A loudspeaker playing a clip of President Barack Obama talking about 3-D printing in his State of the Union speech might not seem so remarkable—except that the loudspeaker represents one of the first 3-D printed consumer electronic devices in the world.

The 3-D printed loudspeaker is more expensive, took longer to make, and is of a lower quality than a typical mass-produced speaker, said Hod Lipson, an associate professor of mechanical and aerospace engineering at Cornell University. But he described his lab’s demonstration to IEEE Spectrum as providing a “glimpse of the future” by showing that 3-D printing technology can eventually create all the necessary components of electronic devices:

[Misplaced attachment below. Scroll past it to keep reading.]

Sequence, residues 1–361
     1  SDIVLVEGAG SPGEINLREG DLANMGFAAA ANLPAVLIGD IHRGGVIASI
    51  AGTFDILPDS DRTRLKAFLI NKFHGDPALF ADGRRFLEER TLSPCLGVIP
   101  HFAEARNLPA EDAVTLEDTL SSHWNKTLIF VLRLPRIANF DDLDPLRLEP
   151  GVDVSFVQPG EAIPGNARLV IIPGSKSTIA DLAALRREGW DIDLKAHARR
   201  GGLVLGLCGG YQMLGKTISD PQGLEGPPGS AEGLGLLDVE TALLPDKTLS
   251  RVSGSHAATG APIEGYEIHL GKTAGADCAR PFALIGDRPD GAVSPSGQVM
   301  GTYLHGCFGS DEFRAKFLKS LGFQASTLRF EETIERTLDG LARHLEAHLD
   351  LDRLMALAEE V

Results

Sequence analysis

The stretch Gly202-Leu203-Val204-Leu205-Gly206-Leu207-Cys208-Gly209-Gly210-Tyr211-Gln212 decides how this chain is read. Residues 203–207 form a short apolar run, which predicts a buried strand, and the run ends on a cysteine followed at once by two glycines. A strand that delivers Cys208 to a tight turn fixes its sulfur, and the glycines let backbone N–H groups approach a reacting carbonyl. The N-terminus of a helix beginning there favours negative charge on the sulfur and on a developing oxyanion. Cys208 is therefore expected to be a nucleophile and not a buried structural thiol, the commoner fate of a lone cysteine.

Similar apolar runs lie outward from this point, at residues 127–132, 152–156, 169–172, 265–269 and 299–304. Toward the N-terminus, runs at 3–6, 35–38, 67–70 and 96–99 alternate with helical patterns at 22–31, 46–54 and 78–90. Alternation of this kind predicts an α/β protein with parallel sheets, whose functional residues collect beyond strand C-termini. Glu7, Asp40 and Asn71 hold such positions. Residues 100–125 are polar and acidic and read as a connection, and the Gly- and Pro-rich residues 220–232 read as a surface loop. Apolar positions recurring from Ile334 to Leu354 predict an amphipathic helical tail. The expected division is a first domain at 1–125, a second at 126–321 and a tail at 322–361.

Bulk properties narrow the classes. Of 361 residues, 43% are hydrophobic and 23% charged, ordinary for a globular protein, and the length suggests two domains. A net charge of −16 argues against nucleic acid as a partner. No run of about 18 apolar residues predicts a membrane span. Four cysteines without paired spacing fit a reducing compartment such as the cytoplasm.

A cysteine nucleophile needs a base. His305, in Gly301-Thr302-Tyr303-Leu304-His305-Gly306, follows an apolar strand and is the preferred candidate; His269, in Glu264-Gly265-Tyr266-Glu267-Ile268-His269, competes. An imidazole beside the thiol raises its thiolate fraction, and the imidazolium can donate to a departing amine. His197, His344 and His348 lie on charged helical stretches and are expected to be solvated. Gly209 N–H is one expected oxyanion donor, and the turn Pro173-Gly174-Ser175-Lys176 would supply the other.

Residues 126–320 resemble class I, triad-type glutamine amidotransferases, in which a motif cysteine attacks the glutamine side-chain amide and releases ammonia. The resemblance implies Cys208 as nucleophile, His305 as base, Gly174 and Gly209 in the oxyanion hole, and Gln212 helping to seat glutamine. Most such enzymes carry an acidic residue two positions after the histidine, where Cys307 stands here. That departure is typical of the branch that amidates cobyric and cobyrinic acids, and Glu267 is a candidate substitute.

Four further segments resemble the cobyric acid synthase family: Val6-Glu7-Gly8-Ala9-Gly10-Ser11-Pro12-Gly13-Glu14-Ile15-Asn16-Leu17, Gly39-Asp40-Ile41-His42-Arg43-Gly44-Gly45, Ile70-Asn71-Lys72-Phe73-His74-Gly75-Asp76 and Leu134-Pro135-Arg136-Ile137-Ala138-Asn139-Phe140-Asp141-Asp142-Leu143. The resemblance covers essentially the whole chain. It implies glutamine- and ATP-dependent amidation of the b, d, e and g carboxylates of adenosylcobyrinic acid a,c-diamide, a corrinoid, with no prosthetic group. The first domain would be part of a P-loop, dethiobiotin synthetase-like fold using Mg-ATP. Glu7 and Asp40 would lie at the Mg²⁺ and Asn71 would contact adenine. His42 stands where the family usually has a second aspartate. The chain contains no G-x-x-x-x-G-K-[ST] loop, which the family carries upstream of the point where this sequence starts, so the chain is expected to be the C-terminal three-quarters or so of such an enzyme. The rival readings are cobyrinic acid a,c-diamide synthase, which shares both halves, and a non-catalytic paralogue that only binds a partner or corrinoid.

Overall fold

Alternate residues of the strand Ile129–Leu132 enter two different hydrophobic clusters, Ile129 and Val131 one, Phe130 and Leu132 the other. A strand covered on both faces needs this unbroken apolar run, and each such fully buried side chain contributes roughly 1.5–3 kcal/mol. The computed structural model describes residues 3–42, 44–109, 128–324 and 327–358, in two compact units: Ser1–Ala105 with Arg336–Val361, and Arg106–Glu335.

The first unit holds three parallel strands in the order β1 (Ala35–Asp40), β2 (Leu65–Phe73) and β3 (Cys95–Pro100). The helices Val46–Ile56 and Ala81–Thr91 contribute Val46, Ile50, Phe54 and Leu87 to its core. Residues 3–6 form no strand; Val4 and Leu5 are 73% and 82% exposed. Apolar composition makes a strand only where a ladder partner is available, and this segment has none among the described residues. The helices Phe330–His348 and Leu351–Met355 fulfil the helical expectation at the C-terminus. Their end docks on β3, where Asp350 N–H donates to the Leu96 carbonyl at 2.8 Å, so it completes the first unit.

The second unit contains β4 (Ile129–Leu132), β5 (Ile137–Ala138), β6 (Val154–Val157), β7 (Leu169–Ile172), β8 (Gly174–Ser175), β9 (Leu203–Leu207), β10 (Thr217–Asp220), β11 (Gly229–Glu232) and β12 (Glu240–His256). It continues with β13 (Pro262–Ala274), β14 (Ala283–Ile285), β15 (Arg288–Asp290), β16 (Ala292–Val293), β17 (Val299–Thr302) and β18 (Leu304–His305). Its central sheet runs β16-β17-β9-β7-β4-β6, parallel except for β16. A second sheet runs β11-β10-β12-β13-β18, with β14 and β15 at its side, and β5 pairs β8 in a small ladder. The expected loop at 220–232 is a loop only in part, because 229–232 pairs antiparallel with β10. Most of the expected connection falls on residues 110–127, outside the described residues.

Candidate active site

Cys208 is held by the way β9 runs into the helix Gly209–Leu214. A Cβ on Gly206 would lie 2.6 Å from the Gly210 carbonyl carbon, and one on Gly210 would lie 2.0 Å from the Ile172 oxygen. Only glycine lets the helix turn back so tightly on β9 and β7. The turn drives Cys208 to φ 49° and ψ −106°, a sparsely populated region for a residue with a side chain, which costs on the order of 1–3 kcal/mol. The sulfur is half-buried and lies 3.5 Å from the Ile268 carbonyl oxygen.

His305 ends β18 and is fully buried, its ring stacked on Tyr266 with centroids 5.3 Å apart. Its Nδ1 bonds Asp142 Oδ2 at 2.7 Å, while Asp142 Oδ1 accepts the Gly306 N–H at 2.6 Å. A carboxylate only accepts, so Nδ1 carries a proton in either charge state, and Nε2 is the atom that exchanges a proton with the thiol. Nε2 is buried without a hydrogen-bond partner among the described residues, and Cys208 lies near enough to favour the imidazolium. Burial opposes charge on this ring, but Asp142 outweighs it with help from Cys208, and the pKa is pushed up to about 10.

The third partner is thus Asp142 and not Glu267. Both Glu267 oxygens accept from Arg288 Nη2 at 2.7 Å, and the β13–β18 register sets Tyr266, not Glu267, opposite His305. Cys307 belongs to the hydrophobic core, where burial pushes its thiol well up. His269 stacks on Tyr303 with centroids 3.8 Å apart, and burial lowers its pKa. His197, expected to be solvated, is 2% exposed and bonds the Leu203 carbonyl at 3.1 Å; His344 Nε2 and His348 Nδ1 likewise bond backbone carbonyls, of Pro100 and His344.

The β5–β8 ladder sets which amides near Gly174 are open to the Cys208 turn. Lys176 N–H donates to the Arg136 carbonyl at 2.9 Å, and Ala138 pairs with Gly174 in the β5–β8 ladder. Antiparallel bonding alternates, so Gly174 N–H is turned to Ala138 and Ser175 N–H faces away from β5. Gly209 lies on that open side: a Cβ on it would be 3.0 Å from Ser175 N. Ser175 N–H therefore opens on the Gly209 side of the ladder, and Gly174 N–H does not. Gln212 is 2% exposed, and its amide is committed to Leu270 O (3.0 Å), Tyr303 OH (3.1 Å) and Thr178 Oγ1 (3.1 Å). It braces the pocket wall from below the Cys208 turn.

“The real challenge is one of material science: Can we make a series of inks that can serve as conductors, semiconductors, sensors, actuators, and power. These inks have to have good performance and be mutually compatible. We’re not there yet, but I think its well…

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